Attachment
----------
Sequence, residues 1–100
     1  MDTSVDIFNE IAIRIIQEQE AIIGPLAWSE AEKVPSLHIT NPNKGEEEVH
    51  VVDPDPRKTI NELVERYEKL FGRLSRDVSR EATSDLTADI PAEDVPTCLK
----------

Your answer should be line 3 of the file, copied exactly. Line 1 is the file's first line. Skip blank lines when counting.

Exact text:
    51  VVDPDPRKTI NELVERYEKL FGRLSRDVSR EATSDLTADI PAEDVPTCLK